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I have a text-field on a HTML page which checks whether you have entered a value between 1 to 365. If the user enters an invalid value like a non-numeric character or a value which does not fall inside the range, it shows a popup. I saw on the watir wiki that there is a select_no_wait method which is used to dismiss popups when you select an invalid value from the list.

What is a good way to handle a popup occurring on a keyup event? Do i need to proceed along the lines the way select_no_wait method is implemented or can we launch a different process which will dismiss the popups which might occur when the set method is called.

A sample example of the HTML file with a validate function in Javascript would be:

<script type="text/javascript">
var num = 0
function validate(e)
 var charPressed = String.fromCharCode(e.keyCode);
if(charPressed >= '0' && charPressed<= '9')
  num = parseInt(document.getElementById('foo').value);
   if ((document.getElementById('foo').value).length <= 3 && (num > 365 || num==0))
    alert ("Values can only be from to 1 to 365");
  alert("Invalid character entered");
  document.getElementById('foo').value = "";
<label id="code"> Sample </label>
<input type="text" id ="foo" onkeyup="validate(event)" maxLength="3"/>

I would really appreciate any pointers on this issue. Thanks in advance.

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Just off the top of my head, I'll bet that validation fails to alert if the user enters a 4 (or more) digit number where first three digits are less than 366. e.g. if you enter 1111 or 2222 or 3651 –  Chuck van der Linden Nov 17 '11 at 19:26
Chuck the text-field only accepts 3 characters, that's why I've used the maxLength = 3 attribute –  chaitanya Nov 17 '11 at 22:16
so if you believe the value will never be more than three digits, why have that check for the length <=3 anded with your other terms? It's not serving any function, and if someone later makes the field longer, it will just serve to cause the check to NOT activate on a subset of 'too big' numbers. It's a bug waiting to happen. –  Chuck van der Linden Nov 18 '11 at 0:10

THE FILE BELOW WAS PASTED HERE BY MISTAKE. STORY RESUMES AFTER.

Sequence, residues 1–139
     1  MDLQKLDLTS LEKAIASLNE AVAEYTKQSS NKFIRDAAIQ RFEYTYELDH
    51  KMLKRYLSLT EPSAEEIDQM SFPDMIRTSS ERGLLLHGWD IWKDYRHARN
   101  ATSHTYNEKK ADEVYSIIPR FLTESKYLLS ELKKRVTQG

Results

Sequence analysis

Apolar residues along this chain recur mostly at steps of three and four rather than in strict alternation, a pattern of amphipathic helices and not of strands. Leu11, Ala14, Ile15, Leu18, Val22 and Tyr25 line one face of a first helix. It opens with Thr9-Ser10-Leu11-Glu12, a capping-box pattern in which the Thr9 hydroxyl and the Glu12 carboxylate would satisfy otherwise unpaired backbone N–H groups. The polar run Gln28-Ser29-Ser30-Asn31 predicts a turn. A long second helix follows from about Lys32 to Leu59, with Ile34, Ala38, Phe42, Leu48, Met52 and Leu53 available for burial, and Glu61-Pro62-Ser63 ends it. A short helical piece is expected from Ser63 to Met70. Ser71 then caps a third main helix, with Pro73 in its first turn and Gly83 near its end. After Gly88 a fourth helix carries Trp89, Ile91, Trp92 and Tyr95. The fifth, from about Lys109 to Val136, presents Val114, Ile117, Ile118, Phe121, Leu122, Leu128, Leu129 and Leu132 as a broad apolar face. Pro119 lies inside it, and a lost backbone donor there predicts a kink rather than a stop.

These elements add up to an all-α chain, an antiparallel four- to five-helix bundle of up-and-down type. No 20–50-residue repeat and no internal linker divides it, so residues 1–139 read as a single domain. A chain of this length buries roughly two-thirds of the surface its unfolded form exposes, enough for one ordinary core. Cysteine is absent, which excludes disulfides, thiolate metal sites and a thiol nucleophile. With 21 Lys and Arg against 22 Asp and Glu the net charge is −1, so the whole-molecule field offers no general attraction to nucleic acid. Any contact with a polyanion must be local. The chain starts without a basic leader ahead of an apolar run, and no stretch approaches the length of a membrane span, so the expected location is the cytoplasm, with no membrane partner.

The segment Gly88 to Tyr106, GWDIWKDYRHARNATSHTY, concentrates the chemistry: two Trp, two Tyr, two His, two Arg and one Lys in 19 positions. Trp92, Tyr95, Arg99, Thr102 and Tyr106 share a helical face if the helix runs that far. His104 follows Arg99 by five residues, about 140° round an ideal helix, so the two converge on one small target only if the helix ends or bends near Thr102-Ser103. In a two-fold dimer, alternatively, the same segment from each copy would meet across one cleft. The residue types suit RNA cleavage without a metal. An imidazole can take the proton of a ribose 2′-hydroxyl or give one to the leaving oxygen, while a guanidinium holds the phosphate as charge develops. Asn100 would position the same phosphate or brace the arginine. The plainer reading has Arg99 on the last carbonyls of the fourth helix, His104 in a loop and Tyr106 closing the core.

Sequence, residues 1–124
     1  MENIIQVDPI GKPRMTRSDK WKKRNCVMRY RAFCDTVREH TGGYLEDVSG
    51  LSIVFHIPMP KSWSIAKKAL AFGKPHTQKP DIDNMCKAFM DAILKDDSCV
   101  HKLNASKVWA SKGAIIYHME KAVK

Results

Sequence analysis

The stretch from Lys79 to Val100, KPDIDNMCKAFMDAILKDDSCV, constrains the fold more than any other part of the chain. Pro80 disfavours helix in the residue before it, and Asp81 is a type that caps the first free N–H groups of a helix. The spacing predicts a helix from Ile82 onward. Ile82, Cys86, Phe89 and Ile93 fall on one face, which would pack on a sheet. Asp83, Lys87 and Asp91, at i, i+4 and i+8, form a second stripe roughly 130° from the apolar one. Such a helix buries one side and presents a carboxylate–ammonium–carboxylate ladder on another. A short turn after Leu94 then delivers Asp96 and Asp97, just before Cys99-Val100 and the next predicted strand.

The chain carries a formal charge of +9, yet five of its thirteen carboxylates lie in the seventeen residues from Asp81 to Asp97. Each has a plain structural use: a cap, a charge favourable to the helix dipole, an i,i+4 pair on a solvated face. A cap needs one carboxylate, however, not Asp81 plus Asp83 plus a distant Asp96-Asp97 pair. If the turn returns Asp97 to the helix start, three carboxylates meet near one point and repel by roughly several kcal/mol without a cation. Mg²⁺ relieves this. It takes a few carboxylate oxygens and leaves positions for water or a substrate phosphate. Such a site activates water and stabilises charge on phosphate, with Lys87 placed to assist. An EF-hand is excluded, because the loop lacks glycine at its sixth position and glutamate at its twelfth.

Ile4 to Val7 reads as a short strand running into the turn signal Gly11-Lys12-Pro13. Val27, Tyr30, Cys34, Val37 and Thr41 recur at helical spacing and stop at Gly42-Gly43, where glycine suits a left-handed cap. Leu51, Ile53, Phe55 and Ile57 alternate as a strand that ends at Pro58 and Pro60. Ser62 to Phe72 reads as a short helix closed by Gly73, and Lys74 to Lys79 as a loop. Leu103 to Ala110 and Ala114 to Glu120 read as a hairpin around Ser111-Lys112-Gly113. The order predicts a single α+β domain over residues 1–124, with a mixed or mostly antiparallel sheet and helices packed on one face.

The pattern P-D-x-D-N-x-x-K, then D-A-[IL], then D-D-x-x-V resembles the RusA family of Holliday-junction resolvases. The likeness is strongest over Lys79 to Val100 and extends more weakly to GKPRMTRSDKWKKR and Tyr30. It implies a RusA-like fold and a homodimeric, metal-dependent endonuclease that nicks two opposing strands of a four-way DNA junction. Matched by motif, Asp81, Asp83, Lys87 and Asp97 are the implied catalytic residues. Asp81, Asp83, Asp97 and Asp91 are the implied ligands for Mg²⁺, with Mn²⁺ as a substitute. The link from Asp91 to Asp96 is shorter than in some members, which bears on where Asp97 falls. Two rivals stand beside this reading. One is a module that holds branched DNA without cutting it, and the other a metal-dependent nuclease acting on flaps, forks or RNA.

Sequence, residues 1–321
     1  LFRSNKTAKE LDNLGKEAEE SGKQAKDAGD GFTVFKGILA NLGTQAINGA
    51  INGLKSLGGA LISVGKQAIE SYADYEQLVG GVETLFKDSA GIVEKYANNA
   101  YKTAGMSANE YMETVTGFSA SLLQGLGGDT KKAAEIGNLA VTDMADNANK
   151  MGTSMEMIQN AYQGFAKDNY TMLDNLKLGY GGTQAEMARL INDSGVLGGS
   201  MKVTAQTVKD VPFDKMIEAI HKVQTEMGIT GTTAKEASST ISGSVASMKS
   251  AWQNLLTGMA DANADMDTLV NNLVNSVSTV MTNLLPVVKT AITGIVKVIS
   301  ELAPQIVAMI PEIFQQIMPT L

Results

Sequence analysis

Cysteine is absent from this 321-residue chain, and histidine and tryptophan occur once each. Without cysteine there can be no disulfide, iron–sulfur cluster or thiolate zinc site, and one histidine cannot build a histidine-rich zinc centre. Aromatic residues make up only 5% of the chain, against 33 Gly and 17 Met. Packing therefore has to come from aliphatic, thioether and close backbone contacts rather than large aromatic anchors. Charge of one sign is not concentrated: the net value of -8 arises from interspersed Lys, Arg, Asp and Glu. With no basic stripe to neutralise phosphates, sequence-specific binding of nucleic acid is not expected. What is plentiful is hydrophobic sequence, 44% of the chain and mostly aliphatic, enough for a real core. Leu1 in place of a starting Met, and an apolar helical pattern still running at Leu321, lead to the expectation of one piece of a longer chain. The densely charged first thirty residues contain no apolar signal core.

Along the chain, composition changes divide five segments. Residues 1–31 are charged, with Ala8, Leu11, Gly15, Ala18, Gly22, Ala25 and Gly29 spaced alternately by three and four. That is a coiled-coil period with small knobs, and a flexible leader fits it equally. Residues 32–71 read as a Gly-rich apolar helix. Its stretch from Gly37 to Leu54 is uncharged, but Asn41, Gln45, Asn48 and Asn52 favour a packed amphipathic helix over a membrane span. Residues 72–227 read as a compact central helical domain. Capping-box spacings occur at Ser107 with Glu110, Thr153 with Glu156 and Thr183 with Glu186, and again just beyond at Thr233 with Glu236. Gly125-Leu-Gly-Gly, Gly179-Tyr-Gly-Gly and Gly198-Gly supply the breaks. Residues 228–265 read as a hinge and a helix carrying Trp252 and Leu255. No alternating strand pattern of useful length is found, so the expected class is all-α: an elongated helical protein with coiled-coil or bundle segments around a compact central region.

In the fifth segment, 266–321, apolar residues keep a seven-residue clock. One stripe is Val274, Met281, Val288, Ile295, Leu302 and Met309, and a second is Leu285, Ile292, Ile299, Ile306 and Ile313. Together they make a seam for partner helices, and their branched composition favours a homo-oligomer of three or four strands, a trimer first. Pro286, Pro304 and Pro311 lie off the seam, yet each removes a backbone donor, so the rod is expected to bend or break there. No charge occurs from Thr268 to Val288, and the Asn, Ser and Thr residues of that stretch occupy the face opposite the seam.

The security tester in me also wants to ask "you do have server side validation also right? Because from a security perspective, client side validation is just to make life easier for your customer, you should never trust it to protect you against an attacker who would just bypass it in a few heartbeats." –  Chuck van der Linden Nov 18 '11 at 0:15
Chuck, yes we have server side validation. I was just trying to come up with a small example. The length<=3 check is redundant. If a guy types 000, he'll have to dismiss 2 popups which is highly inefficient. Thanks for the tips btw. –  chaitanya Nov 18 '11 at 0:19

2 Answers 2

up vote 7 down vote accepted

For Watir:

There are some actions that currently wait for a pageload, such as .click, .select, because after such actions the page is often updated via a postback or form post. The _no_wait variant exists for those , as a way to tell the script to proceed without waiting for the page load to occur when a popup will be occurring.

Currently .set has no wait for page load logic (as far as I know anyway) and thus no _no_wait variant of the method. So you can probably just proceed straight from setting the value, to looking for the popup.

Note that if you don't see the popup after using .set, you may need to fire the 'onkeyup' event to trigger your client side scripting. Also be sure it's really a JS popup, there's lots of other ways of doing stuff that looks like the JS popups, but are really just things like divs etc.

Since this is a Javascript Popup, you should be able to get rid of it via code similar to the examples in the Watir Wiki


For Watir-Webdriver:

If you are using Watir-Webdriver then things are a bit different. I'm going into a bit more detail here because this info is not as easily available (yet)